Idaho predators are under the gun

 

Note: This article is a sidebar to this issue's feature story.

The wolf will enjoy federal protection for at least a few more years, but other Idaho predators aren't so lucky.

In August, the seven-member Idaho Fish and Game Commission, which sets the agenda for the state Department of Fish and Game, adopted the state's first predator-control policy. The policy provides only the broadest of guidelines, but commissioners - especially the four new appointments by Republican Gov. Dirk Kempthorne - are pushing for aggressive controls.

The Clearwater National Forest in northern Idaho may be the first to feel the impacts of the commission's new approach. In late January, the state announced plans to kill at least 75 bears and 10 mountain lions in a 200-square-mile area near the Lochsa River, where elk populations have dropped in recent years.

The elk scarcity is a big concern for the agency, in part because hunting licenses bring in a lot of funding, and commissioner Don Clower says the Clearwater project will determine whether predator control is a workable solution.

The Idaho Guides Association lobbied the commission in support of the new policy, and it backs the Clearwater proposal. "If you can't show people live elk on the ground, man, you are not going to be in business very long," says executive director Grant Simonds. He says predators - including the reintroduced wolves - are largely to blame for the elk decline.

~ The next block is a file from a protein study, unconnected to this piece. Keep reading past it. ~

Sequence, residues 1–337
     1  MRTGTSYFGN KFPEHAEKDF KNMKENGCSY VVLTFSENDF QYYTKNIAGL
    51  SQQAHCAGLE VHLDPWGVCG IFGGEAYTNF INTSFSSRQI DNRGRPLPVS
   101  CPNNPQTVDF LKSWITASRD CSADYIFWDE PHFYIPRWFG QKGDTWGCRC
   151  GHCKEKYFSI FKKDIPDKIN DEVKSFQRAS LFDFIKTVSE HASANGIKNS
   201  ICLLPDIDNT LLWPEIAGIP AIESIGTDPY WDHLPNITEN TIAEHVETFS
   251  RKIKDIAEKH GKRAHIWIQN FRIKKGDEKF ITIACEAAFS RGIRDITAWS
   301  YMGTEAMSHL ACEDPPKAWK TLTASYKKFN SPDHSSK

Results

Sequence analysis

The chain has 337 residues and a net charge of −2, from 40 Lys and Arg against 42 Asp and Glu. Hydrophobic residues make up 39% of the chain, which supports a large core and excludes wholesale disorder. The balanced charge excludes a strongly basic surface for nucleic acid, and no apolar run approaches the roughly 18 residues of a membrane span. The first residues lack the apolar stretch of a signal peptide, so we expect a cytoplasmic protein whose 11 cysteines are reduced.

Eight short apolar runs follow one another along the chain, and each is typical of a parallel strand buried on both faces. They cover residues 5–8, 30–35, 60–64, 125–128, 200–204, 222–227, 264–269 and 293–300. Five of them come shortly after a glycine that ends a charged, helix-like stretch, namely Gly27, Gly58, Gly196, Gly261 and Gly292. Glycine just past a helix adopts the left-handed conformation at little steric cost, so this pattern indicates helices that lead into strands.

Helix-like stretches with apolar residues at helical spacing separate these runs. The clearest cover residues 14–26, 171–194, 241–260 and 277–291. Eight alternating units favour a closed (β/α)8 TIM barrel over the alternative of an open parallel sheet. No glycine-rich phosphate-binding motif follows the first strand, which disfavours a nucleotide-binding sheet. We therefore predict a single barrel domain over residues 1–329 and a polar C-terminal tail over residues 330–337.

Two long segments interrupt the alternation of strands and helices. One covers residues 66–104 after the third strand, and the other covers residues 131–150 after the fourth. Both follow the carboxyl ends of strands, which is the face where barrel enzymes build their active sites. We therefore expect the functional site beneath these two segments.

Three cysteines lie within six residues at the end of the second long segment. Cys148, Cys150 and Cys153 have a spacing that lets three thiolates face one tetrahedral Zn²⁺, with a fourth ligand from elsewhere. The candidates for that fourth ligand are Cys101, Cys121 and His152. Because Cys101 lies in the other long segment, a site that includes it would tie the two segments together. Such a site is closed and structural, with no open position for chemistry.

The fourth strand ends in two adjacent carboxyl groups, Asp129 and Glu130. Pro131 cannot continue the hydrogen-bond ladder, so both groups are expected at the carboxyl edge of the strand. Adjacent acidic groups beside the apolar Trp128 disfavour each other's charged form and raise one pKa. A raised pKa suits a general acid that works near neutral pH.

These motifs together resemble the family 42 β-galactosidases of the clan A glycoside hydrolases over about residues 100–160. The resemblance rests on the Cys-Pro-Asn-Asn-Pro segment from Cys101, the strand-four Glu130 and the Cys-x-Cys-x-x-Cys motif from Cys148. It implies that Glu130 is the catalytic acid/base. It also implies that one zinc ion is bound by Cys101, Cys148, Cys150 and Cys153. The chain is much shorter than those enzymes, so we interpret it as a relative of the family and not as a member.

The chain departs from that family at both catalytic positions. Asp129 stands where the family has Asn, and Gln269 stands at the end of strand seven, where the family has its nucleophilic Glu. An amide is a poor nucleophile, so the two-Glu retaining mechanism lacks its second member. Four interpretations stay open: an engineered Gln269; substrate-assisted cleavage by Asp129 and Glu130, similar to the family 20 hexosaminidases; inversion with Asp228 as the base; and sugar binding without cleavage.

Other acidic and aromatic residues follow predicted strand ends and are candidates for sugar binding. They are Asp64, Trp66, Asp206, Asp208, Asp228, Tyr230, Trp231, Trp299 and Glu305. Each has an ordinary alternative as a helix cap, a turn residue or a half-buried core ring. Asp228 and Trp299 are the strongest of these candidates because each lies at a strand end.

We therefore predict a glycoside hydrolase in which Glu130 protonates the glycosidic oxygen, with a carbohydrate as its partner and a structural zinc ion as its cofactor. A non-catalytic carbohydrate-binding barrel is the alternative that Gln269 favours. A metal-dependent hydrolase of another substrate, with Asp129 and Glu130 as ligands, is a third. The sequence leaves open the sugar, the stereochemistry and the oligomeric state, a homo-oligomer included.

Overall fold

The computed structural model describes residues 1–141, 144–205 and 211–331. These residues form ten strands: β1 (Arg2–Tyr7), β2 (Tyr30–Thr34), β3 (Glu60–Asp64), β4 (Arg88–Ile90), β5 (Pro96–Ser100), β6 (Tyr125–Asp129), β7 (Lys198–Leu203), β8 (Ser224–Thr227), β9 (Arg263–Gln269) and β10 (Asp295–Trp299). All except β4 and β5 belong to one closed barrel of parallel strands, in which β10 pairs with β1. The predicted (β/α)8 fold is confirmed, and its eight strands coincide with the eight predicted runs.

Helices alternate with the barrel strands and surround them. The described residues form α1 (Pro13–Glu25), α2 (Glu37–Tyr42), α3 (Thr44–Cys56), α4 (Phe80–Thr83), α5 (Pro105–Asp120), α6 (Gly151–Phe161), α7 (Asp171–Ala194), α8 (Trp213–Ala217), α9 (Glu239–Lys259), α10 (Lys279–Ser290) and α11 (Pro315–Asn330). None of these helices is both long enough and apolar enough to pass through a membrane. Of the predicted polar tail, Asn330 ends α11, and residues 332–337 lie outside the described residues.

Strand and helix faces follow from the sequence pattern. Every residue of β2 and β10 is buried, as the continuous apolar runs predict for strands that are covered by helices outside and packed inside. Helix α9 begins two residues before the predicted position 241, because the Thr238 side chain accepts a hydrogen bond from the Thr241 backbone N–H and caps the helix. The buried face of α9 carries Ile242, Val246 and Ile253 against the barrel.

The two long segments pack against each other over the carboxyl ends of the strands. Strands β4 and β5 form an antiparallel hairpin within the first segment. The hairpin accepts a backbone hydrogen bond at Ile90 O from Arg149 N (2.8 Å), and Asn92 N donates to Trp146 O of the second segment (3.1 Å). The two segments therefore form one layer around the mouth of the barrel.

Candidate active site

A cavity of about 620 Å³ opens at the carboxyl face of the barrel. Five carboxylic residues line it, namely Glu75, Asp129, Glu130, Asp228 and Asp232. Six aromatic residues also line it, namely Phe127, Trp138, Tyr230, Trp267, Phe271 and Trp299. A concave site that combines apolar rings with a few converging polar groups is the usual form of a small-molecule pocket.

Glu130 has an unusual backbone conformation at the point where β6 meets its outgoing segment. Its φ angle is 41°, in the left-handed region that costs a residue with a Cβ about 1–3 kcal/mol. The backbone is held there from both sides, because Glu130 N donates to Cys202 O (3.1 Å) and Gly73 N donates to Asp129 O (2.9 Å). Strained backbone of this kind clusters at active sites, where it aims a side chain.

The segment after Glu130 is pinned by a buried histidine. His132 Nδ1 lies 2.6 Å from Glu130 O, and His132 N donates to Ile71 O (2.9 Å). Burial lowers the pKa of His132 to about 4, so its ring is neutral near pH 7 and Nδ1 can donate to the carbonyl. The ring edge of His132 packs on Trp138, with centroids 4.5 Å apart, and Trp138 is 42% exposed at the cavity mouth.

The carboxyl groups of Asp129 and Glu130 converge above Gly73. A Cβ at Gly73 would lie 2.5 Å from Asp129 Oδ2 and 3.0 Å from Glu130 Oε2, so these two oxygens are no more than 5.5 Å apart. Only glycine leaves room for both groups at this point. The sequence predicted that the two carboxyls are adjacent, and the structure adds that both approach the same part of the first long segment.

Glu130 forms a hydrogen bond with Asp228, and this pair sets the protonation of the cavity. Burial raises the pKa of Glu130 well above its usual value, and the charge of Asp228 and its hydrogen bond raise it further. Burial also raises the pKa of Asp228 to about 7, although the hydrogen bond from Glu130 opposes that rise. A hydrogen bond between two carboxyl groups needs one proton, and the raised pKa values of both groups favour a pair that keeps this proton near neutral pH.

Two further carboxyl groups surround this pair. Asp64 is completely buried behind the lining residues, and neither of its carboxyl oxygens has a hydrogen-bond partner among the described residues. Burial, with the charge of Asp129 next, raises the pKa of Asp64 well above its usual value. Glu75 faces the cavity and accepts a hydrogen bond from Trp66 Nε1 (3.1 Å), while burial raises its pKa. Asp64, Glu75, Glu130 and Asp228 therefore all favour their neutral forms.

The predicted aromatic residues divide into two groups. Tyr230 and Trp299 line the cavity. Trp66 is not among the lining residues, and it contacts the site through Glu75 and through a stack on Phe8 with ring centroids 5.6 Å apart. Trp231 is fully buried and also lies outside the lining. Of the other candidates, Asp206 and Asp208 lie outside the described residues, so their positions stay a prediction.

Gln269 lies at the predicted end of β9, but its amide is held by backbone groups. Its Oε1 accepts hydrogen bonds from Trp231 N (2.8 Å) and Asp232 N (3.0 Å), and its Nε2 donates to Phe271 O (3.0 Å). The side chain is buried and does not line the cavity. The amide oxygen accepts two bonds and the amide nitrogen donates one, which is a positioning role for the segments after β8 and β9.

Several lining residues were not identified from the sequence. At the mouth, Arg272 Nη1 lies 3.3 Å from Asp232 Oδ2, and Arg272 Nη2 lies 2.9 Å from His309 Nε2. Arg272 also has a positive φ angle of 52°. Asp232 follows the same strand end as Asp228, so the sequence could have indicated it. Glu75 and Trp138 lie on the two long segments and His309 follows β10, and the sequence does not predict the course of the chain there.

There's one hitch in the proposal, says Lynn Fritchmann, a longtime hunter and Idaho conservationist. "There's not a shred of evidence that this will do any good," he fumes. "Every wildlife biologist you talk to says, 'Hey, it's the habitat, stupid.'" Decades of fire suppression, he says, have produced a thick understory of small trees and encouraged the invasion of inedible exotic weeds.

But Fish and Game wildlife chief Steve Huffaker says that though habitat is part of the answer, the state has no control over the private land and national forests used by wildlife. "We don't own or manage habitat," he says. "The only thing we can do something about is predation."

The Clearwater project, which has funding from the federal Wildlife Services agency, was set to begin in April. But widespread public outcry, combined with legal threats from the Idaho Conservation League, Defenders of Wildlife and several other groups, led the state to put a hold on the project in early February. State biologists are now taking a second look at the proposal.

Though Idaho's new predator policy isn't directly related to the draft wolf management plan, environmentalists fear the official Idaho attitude will turn out to be bad news for the wolf. Gov. Kempthorne recently referred to grizzly bears as "massive, flesh-eating carnivores" (HCN, 12/4/00: Grizzlies invited back to the Bitterroot), and the majority of commissioners appear to share his general feelings about predators.

"There's no one on this commission with a degree in biology, no one with any wildlife management expertise," says Larry McLaud of the Idaho Conservation League. "And what they say, goes."

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